Big Law:A Novel(7)

By: Ron Liebman



Big Law had placed its invisible hand on the blackboard eraser and began smoothing away the chalk line between lawyering as a profession and lawyering as Wall Street wheeling and dealing.

While Carl was thinking about this, Dipak Singh was explaining how resourceful he had been to take on this case but providing next to no detail. Carl was tuned out. Then Dipak came back into range.

“There are many GRE assets in your country and also in Europe that can be seized.”

“And we will have them seized as quickly as possible.”

“As to your fee. May I call you Carl . . . ?”

A delighted by all means nod. An if you must thought.

There was something about this cheerful senior partner entertaining him, something Dipak couldn’t quite put his finger on, that didn’t square with the bubbly enthusiasm. He decided to forgo any informality.

“I would propose for your firm a substantial success fee of ten percent of all monies recovered above your hourly rates.”

The math here was easy. Ten percent of two and a half billion was two hundred and fifty million. More than enough on its own to pay whatever interest was charged on the litigation-finance loan needed to satisfy hourly rate charges and put a very healthy sum on the law firm’s books. Win-win.

Carl wanted this case in the firm’s accounts as soon as possible. It would be the largest single legal fee that Dunn & Sullivan had ever received. There was already a judgment. The Indian court had spoken. This was a mop-up operation. Find company assets, then use the courts to seize and sell them? Candy from a baby.

And it fit in nicely with Carl’s exit strategy.

Yes, he had an exit strategy.

But I’m getting ahead of myself.

Carl was going to take on this case. Anyone looking at Dunn & Sullivan’s balance sheet would see this money-in-the-bank asset. Not yet realized, but just around the corner.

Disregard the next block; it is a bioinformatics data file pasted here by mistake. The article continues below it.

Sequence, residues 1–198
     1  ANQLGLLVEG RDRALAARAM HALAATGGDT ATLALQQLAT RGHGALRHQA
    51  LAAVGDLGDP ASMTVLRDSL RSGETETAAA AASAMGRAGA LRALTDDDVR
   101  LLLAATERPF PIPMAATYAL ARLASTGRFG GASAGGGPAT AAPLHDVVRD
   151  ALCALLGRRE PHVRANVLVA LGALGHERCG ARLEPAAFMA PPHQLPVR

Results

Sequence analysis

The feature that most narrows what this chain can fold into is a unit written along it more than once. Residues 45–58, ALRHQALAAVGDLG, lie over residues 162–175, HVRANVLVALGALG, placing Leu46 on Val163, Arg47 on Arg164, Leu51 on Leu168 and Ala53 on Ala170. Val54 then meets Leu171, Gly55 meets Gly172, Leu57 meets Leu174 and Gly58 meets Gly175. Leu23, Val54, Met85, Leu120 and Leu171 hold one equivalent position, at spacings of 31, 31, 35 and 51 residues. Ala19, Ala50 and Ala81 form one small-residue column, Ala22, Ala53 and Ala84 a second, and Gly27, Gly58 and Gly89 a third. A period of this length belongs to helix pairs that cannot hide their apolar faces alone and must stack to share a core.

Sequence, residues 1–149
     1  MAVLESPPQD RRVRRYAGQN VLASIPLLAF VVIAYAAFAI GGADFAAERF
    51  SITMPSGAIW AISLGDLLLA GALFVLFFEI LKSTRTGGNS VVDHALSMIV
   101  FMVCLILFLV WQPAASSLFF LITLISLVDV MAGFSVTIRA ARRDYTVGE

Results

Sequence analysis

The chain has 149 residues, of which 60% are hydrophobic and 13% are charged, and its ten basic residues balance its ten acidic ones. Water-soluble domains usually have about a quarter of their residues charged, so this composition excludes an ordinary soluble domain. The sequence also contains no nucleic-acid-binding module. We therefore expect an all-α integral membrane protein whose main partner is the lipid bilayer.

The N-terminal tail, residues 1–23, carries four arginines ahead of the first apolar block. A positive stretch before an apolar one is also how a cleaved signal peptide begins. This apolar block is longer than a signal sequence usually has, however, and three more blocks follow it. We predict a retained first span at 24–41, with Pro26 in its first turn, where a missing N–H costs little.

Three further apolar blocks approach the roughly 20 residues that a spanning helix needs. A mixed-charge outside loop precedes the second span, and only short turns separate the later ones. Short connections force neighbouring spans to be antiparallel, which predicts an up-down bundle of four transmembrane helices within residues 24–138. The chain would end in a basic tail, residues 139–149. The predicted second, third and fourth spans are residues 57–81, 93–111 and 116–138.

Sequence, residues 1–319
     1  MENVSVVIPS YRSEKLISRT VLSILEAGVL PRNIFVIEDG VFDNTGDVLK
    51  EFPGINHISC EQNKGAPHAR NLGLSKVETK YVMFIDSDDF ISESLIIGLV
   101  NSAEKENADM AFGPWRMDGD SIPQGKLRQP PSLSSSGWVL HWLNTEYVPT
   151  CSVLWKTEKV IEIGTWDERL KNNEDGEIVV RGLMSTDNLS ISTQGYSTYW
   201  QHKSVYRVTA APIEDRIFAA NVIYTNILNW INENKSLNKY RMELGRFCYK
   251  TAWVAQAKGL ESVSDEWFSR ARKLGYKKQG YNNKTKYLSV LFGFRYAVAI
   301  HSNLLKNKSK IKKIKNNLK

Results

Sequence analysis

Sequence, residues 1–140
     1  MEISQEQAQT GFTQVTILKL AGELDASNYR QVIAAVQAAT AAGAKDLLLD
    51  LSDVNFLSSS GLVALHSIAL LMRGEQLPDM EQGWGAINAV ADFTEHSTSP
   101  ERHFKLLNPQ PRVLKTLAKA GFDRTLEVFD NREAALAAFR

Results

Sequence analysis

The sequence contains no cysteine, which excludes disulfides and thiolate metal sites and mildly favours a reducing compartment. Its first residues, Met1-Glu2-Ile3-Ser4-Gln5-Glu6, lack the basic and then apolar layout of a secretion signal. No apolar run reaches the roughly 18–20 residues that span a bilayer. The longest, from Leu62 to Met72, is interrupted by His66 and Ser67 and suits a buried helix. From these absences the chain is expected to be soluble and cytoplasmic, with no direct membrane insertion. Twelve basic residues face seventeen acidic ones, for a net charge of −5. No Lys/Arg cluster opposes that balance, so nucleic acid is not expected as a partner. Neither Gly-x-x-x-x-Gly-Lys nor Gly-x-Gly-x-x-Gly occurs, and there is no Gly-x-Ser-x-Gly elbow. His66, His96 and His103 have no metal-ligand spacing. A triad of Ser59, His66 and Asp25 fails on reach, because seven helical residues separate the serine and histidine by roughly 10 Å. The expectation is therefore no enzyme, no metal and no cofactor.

In his zeal to haul the GRE case on board, Carl didn’t stop to consider the odds of this young Indian lawyer, dashing though he might have been, hitting the home run of home runs with what was likely his first real case. Instead he mentally searched Dunn & Sullivan’s young-lawyer roster, looking for the right kind of junior partner to run the case: someone relatively inexperienced, eager to head up an asset-seizure litigation team. Someone who wouldn’t ask too many questions.

That would be me.

Peter Moss and his law firm? At that point light-years away from Carl’s radar screen.

So Carl Smith closed his fist around the coconut.





5.



I should be married.

What I mean is that I would like to be married. Have a family.

I’m thirty-seven years old. I can easily afford a family. But that’s not the point. What I’m trying to say is that my life is one-dimensional.

My brother keeps asking me, Where’s the Porsche?

It’s an inside joke. He’s flat broke. And here I am. Loaded and spending none of it.

I don’t even own a car. Who needs a car in New York City?

My life as a young partner is marginally better than when I was an associate, but I’m still at the office, or on a plane to some other office or courthouse, all the time. I have a nice enough apartment in one of the new high-rise rentals on the far West Side of the city, at Sixty-second Street and West End Avenue. I’m on the top floor and have a fairly decent Hudson River view. I still haven’t hung anything on my walls.

I’m not asking you to play an imaginary fiddle over my “poor and unfortunate” situation. I’ve come a long way, and I am proud of myself for what I’ve accomplished.

My brother and I grew up in a section of Manhattan called Hell’s Kitchen. It’s also on the far West Side, between Thirty-fourth and Fifty-ninth Streets bounded by Eighth Avenue and the Hudson.

To this day six-story walk-ups still line the streets, but they now contain remodeled apartments with state-of-the-art kitchens, central air, and recessed lighting.

Back when my brother and I were kids, the neighborhood was different. The Westies gang—friends of the infamous Colombo mob—still ruled the streets. Irish immigrants and their families lived in the walk-ups. Hell’s Kitchen was not a nice place.

Our apartment was rent-controlled. Still is. My brother lives there with our dad. One of the few like that left in the neighborhood. I pay the rent, but my brother pays the price. Our dad, Seamus, is a handful.

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